Now that I’m a thirty-something, the Dracula fangs have been replaced with a nighttime bite guard, the popcorn balls are now rice cakes, and staying up all night boozing sounds more like a punishment than fun. I imagine that Halloween will be something of an event again whenever my wife and I have children but until then, it’s just another Wednesday.
* Nowadays, I would only walk through these neighborhoods at night with body armor and Chuck Norris by my side.
** For those that don’t know, these costumes basically consisted of a plastic mask with eye and breathing holes cut out, and a wearable garbage bag that had a picture on it of what you were supposed to be. Like, if the costume was for Frankenstein, the mask would slightly resemble the storied monster, and the bib would have a straight picture of Frankenstein instead of trying to complete the outfit. It was about a half step above just wearing your regular clothes and telling people you were Frankenstein.
*** I remember thinking at the time that it was a bit strange that Daniel had a collection of replica WWII gasmasks, but now knowing him like I do, it actually isn’t strange at all.
August 3, 2012
The University of Pittsburgh did the opposite of what Joni Mitchell lamented in the song Big Yellow Taxi. They took a parking lot and transformed it into a paradisal green space that gives the Oakland co-eds a charming place to sun tan and catch frisbee. Irrespective of the positives, this bucolic transformation is a little bittersweet for me. I matriculated at Pitt as an undergrad in the late nineties back when the campus amenities were meager and the scenery far from picturesque*. But I guess I can’t get too upset since when I was a student back then, I was seventy pounds heavier and frequently wore camouflage cargo pants paired with Wu-Tang Clan t-shirts. It’s a good thing that both my alma mater and me have both gotten so much better with age or else I’d be really jealous.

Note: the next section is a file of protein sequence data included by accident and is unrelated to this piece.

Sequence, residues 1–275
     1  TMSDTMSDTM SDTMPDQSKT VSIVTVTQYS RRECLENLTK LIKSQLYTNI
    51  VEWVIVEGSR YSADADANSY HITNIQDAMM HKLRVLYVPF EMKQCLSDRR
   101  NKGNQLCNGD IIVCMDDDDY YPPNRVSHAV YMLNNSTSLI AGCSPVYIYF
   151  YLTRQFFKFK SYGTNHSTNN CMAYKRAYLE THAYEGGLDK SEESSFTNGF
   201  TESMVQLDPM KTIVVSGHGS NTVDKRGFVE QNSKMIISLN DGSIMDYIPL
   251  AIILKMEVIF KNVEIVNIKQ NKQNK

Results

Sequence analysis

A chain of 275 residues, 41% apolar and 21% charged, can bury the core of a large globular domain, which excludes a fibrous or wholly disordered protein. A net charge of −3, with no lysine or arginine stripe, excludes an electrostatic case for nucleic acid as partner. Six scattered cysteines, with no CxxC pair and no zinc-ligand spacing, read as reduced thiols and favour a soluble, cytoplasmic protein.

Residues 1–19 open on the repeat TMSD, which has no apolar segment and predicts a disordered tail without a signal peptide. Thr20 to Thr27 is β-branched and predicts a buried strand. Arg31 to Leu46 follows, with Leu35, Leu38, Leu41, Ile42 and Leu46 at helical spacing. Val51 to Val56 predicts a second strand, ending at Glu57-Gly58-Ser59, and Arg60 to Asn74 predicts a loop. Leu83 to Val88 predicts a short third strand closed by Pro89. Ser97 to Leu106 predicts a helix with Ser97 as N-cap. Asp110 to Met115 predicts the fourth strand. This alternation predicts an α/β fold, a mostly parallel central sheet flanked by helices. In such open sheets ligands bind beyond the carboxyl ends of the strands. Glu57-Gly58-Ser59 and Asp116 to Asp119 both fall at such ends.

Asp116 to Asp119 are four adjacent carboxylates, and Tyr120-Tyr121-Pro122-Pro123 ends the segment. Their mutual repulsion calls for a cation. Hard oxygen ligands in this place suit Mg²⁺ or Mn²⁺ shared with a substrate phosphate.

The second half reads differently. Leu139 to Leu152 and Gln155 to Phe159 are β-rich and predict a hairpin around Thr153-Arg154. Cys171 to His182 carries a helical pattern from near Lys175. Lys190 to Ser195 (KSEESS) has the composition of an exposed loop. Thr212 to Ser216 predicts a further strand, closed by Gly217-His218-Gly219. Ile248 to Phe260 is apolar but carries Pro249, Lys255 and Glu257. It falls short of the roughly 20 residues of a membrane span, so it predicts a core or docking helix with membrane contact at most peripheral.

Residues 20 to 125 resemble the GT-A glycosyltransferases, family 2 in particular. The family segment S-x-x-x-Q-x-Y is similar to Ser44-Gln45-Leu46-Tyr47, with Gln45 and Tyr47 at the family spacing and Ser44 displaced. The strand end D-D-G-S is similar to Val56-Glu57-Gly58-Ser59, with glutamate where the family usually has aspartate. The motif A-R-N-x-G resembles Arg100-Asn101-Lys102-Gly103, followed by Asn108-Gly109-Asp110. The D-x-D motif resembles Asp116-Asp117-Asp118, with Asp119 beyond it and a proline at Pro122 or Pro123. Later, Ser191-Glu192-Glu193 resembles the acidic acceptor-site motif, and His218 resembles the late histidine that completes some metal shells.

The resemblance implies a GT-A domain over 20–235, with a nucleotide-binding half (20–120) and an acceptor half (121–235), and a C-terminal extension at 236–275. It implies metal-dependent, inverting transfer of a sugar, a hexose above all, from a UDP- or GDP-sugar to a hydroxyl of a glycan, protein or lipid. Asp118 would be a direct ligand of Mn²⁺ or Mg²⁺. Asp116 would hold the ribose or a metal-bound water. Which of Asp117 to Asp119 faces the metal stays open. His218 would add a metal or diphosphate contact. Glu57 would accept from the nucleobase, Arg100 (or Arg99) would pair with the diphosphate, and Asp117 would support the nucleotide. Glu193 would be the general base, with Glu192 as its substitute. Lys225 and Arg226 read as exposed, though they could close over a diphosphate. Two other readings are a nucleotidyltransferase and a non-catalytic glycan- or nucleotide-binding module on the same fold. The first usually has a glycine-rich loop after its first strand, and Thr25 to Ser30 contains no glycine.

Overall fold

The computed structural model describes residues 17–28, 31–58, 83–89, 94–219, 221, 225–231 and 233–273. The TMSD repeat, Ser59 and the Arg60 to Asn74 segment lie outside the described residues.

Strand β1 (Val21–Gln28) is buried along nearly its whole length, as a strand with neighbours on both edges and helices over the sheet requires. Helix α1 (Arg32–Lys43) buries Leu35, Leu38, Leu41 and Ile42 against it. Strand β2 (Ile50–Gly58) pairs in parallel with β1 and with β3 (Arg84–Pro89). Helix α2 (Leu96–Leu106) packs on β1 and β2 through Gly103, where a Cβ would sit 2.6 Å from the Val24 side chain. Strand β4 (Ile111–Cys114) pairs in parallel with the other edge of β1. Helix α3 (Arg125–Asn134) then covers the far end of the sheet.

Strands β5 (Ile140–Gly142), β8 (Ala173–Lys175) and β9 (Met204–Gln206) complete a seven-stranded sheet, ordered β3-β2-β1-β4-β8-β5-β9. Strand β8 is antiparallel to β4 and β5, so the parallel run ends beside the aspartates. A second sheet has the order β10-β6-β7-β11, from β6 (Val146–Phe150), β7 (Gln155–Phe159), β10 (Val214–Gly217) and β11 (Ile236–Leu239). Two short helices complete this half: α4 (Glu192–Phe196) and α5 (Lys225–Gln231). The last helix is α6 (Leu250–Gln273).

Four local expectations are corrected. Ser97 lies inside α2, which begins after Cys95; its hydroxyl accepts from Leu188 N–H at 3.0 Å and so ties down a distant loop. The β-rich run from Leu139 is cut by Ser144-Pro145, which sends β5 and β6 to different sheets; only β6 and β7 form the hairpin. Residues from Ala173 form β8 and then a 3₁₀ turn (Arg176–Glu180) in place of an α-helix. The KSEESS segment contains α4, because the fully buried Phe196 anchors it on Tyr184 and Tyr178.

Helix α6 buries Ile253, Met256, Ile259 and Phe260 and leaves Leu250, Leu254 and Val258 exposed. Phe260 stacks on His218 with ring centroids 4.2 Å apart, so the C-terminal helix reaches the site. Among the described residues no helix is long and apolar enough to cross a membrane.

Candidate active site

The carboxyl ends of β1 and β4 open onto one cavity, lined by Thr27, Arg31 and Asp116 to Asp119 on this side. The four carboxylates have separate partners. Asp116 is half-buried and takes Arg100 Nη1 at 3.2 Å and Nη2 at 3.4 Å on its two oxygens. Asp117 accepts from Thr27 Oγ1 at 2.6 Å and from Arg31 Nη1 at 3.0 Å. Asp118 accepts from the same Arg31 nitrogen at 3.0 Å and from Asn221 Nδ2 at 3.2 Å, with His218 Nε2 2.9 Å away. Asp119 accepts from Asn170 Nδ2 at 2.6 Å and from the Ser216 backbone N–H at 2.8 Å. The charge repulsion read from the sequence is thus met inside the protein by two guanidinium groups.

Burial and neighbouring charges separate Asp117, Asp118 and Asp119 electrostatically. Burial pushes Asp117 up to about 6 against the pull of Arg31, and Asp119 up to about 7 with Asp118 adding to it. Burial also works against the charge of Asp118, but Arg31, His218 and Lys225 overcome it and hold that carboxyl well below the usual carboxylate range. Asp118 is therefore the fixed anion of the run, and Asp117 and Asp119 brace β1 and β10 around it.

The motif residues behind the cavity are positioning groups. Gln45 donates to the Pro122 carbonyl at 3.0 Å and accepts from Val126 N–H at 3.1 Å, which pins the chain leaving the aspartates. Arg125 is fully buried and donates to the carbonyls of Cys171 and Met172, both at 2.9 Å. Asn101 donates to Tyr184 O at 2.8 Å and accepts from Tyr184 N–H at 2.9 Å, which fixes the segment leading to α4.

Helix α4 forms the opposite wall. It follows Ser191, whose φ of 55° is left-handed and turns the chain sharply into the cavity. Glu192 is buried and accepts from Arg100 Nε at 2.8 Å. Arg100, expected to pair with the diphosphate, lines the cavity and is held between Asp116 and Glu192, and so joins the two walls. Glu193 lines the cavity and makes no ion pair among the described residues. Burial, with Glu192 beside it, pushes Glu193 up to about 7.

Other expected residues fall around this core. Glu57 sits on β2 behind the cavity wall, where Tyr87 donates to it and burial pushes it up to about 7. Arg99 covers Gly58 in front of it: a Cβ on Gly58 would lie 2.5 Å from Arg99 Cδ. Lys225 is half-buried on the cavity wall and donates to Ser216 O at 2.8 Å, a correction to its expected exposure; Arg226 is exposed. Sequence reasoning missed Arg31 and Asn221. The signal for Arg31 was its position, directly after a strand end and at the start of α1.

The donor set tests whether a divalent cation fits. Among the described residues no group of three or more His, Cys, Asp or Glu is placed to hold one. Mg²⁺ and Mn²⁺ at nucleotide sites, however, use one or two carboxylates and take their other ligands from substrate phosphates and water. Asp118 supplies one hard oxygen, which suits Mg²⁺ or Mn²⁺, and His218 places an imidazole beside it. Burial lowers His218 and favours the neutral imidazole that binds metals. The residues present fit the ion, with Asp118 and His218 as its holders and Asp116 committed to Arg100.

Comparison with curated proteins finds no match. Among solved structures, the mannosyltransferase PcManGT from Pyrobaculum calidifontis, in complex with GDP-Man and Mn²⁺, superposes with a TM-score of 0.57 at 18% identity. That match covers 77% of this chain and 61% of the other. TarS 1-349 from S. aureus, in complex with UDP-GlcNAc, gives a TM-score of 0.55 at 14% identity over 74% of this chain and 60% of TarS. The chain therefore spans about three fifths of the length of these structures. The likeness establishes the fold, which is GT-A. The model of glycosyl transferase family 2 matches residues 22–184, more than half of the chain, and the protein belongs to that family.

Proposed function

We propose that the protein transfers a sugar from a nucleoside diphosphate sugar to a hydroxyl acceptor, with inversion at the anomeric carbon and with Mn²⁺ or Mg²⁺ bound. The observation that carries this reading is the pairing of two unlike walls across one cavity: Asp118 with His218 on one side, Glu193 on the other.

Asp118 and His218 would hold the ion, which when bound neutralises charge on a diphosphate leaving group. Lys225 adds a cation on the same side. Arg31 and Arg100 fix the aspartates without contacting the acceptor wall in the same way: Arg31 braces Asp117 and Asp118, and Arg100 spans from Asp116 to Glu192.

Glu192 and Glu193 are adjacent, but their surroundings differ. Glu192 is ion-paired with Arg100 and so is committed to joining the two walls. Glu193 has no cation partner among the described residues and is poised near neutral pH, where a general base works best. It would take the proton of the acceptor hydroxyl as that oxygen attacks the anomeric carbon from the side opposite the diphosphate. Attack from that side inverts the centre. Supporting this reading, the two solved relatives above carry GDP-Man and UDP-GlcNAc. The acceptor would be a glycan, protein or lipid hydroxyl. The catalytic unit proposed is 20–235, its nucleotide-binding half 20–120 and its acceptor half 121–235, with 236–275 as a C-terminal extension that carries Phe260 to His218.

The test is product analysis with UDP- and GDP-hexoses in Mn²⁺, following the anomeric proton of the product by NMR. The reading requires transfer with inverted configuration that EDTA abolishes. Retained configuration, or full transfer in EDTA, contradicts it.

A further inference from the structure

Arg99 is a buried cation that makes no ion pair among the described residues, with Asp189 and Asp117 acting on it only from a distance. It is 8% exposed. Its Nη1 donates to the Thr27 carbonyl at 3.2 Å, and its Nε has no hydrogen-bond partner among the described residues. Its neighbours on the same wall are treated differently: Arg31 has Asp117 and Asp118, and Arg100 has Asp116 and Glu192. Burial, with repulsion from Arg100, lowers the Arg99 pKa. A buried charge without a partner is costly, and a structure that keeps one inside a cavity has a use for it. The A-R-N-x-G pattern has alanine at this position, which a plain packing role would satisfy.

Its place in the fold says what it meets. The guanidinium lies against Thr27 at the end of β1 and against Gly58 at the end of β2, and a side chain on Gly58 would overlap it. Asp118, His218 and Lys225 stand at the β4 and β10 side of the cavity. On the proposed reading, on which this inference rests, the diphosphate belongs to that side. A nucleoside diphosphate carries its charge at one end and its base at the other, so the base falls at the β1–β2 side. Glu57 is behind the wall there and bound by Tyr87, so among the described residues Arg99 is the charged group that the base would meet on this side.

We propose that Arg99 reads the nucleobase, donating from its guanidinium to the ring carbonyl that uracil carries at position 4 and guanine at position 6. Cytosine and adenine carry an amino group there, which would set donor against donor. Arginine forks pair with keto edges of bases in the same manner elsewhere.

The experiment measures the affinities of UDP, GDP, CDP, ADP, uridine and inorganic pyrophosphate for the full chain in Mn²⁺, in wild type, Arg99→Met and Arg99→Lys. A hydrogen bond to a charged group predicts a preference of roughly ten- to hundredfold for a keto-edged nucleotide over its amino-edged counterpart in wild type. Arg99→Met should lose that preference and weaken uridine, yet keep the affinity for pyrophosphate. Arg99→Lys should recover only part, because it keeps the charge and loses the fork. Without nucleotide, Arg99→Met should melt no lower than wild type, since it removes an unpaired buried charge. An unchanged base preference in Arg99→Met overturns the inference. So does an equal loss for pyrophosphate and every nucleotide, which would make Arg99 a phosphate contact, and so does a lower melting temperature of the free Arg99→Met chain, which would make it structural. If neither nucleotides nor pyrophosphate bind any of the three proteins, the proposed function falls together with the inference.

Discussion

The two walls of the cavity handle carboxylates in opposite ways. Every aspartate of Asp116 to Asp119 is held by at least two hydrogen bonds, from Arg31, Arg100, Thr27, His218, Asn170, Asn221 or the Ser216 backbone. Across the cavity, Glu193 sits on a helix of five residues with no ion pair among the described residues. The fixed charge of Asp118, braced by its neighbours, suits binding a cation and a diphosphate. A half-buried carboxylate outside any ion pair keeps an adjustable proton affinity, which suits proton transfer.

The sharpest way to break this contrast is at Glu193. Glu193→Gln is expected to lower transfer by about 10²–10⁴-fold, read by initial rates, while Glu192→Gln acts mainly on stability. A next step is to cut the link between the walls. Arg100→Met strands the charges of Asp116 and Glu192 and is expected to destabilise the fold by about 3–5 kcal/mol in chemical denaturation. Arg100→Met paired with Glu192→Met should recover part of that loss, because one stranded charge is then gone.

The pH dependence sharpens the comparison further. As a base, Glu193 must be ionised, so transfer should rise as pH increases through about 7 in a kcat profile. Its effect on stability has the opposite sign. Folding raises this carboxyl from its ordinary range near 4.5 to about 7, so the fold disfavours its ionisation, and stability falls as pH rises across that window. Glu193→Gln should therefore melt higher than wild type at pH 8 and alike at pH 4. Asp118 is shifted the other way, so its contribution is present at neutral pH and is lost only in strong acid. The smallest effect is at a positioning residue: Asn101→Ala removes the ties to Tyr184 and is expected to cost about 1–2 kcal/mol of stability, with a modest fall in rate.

My wife and I had our first up-close experience with Schenley Plaza a few weeks ago. We spent an evening lying around in the grass during WYEP’s Summer Music Festival. Between the majestic view of the Cathedral of Learning, the plethora of talented hula-hoopers, and the semi-hipster indie folk music, it was wonderful event. Along with all of that entertainment, I found that the park itself was beautiful. The grounds were litter-free and the grass is like a friggin’ golf course. The Pittsburgh Parks Conservancy is doing one helluva job maintainin’ the sh*t out of that place.
One of the most noteworthy additions to Schenley Plaza is The Porch. It is an attempt by the Eat’n Park Hospitality Group group to enter the trendy-restaurant scene burgeoning in the Steel City. We recently made plans to meet up with a couple friends there on a beautiful Friday summer evening. The Porch does not take reservations, but there is something online that you can use to put your name in and get an idea of how long the wait is. Though I usually detest the dining inconvenience stance of “no-reservations”, the beauty of the park and the abundant bench seating made this un-accommodation acceptable. Unfortunately for us, our table was ready as soon as we arrived and we didn’t have much chance to enjoy the scenery.